10 Days in North Korea

RussiaToday (RT) takes an exclusive look at North Korea, the world’s most closed-off country. Life here is isolated from the outside world and every aspect of existence is regulated by order of the “Great Leader”, from the art you’re allowed to see, the books you can read, even to your hairstyle.

The view is blurred by the heavy propaganda machine of North Korea. You will never know how the people really think.

Born and raised in a concentration camp in North Korea



Google will be hosting Dong Hyuk Shin, a 26-year-old North Korean defector born and raised in a concentration camp. Shin was born on Nov. 19, 1982 and called the camp home until 2005. While at the camp, he endured daily beatings, torture, starvation-level rations, saw forced abortions and even witnessed the public execution of his mother and brother in 1996. Shin described his life of total isolation from the world: “In South Korea, although there is disappointment and sadness, there is also so much joy, happiness and comfort. In Kaechon, I did not even know such emotions existed. The only emotion I ever knew was fear: fear of beatings, fear of starvation, fear of torture and fear of death.” LiNK’s Executive Director Adrian Hong will brief the audience on the broader issue of human rights in North Korea, as well as the current refugee situation and what can be done to help. Liberty in North Korea, or LiNK, is an international non-governmental organization devoted to human rights in North Korea and the protection of North Korean refugees.

This talk will be taped.

Speaker: Adrian Hong
Adrian Hong: Adrian Hong currently serves as Executive Director of Liberty in North Korea, or LiNK, an international NGO devoted to human rights in North Korea, and the protection of North Korean refugees all over the world. In December of 2006, Mr. Hong was arrested along with 2 LiNK field workers and 6 North Korean refugees in the People’s Republic of China and imprisoned before being released and deported

Speaker: Dong-hyuk SHIN
Dong-hyuk SHIN: Mr. Shin was born and raised in Political Prison Camp No. 14 until his escape in 2005. Based in South Korea, he has testified before Britain’s House of Lords, and published a book in 2007 entitled “I Was a Political Prisoner at Birth in North Korea” published by the DataBase Center for North Korean Human Rights. Mr. Shin aspires to attend college and hopes to become a policeman.

The North Korean human rights crisis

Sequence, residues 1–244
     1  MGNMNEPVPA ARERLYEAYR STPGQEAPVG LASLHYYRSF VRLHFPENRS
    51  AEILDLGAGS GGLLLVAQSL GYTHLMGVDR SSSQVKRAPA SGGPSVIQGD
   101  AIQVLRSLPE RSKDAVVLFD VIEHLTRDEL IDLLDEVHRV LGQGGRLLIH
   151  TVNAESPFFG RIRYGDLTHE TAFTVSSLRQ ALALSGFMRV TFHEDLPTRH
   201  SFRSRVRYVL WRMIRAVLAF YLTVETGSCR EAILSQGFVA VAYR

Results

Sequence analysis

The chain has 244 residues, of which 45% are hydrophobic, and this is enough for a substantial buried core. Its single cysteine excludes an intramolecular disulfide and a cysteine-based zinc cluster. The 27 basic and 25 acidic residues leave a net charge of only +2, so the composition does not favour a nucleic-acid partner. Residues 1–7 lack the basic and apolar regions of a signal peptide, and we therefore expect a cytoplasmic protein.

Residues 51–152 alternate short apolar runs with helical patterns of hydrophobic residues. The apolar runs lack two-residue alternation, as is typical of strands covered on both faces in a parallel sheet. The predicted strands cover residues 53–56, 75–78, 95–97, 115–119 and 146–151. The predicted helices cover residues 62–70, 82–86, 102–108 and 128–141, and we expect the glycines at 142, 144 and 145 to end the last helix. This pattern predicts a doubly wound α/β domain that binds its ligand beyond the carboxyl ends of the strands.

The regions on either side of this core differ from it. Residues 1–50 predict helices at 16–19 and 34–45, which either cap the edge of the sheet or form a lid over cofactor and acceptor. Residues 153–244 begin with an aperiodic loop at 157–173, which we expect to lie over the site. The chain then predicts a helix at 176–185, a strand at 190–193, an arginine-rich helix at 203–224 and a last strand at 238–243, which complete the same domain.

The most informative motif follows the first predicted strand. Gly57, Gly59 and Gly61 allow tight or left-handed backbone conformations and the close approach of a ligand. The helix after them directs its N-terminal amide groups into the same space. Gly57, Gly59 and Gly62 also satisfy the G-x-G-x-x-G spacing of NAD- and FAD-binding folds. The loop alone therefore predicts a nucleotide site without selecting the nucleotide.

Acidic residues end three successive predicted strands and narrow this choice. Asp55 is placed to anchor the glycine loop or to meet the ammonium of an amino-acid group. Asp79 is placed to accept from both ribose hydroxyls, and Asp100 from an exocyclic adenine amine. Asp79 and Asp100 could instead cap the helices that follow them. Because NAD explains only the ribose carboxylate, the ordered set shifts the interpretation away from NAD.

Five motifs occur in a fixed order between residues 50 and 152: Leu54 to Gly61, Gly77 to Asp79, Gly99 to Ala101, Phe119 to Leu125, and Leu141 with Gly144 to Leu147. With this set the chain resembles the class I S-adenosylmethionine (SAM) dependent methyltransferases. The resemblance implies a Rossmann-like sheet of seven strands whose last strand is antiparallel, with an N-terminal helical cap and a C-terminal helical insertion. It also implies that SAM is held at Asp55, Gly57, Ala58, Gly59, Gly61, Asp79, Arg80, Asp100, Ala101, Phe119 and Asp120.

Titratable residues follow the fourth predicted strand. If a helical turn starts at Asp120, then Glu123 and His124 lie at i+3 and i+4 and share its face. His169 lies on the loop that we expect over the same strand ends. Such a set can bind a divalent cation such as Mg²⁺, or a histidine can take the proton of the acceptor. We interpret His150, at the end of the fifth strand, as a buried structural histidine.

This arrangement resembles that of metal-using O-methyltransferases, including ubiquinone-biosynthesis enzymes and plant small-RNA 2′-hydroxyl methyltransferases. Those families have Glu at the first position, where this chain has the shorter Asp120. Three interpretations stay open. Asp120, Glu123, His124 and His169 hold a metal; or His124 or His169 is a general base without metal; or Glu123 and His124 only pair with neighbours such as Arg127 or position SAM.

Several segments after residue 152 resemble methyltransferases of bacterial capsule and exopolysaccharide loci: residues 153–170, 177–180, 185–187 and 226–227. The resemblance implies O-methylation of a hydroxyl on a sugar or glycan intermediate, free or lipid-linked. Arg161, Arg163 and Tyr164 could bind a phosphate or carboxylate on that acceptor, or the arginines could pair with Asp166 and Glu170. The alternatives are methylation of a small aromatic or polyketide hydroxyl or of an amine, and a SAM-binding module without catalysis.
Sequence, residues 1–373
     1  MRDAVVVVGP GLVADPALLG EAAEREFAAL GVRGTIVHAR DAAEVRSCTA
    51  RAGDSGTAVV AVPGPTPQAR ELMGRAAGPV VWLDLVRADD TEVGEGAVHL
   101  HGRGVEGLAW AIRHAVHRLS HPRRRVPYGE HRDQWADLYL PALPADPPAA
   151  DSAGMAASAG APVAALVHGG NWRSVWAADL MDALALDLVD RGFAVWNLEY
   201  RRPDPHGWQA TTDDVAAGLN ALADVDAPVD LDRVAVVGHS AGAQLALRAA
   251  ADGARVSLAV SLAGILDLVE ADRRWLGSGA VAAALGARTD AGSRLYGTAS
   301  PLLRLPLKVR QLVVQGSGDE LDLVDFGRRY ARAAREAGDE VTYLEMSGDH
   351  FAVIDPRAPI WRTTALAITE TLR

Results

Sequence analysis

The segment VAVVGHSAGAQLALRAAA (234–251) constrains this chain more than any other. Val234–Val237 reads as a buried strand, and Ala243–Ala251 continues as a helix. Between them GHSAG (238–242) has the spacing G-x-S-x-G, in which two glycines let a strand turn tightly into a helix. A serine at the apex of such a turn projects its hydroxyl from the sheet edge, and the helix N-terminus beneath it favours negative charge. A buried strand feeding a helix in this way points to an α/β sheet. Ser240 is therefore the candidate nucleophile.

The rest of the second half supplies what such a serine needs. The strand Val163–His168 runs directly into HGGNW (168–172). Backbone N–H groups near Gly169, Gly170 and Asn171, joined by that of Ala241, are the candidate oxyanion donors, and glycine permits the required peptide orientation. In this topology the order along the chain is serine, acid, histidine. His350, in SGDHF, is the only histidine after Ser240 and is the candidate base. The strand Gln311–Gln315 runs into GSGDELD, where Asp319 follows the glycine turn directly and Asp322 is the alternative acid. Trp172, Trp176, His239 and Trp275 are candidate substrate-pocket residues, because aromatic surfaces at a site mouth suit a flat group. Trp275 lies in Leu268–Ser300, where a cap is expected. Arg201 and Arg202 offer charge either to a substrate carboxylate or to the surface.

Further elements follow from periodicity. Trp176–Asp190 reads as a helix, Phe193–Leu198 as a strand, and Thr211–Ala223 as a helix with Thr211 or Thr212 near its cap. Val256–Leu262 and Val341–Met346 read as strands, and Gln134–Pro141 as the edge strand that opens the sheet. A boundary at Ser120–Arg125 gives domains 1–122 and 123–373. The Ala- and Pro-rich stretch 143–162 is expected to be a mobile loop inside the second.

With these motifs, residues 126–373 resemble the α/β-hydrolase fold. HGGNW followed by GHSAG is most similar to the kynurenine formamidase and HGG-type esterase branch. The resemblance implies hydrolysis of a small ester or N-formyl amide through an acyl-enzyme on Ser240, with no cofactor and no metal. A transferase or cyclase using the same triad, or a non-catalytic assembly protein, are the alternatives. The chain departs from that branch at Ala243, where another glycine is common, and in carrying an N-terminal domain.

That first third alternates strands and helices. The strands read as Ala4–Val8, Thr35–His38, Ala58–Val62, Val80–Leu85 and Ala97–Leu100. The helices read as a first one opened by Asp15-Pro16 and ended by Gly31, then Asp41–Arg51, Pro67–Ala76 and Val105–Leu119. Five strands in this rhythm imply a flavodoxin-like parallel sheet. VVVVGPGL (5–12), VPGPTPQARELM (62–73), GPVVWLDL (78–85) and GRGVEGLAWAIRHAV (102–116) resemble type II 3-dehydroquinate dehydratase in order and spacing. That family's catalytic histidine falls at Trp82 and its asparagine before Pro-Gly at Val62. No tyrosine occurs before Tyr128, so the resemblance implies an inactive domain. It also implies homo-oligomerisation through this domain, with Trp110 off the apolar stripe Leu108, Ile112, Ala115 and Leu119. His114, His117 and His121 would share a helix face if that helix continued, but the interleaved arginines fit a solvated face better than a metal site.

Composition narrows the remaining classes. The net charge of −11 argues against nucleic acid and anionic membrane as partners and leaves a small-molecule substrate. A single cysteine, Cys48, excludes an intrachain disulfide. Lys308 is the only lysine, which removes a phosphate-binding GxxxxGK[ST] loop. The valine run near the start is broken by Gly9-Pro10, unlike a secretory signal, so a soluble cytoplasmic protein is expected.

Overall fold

GoogleTechTalks (2007)


North Korea today is home to a network of several dozen concentration camps rivaling those … Alle » of Auschwitz and Dachau of days past, hosting over 250,000 political prisoners and their families. North Korea is a prison state- there are no freedoms of religion, speech, movement, assembly- even the right to leave the nation is barred from the people. Hundreds of thousands of North Koreans have fled to neighboring China, only to be hunted down by Chinese authorities and sent back to North Korea to face torture and death; or to be sold by brokers and smugglers as labor or sexual slaves. An additional 15,000 North Koreans toil in slave labor camps outside North Korea- in nations like Russia, Mongolia, Poland and several Middle Eastern and Southeast Asian nations. In a country of 23 million people oppressed and suffering, malnutrition and starvation are at epidemic rates, and people have been largely forgotten amidst talk of nuclear weapons and political posturing. Adrian Hong, Executive Director of Liberty in North Korea (or LiNK), will give a broad overview of the tremendous human rights crisis in North Korea today, and share about worldwide efforts to help these forgotten people. This is not a crisis instigated by natural disaster, civil war, or warring factions in a failed state. This is institutionalized human rights abuse on a massive scale, at it’s worst. Why has the world failed them? Does knowledge bring about responsibility? Come and learn about the problem and what you can do to save these lives.

Adrian Hong was recently arrested by Chinese authorities and jailed in 2006 for his work in helping North Korean refugees escape to freedom.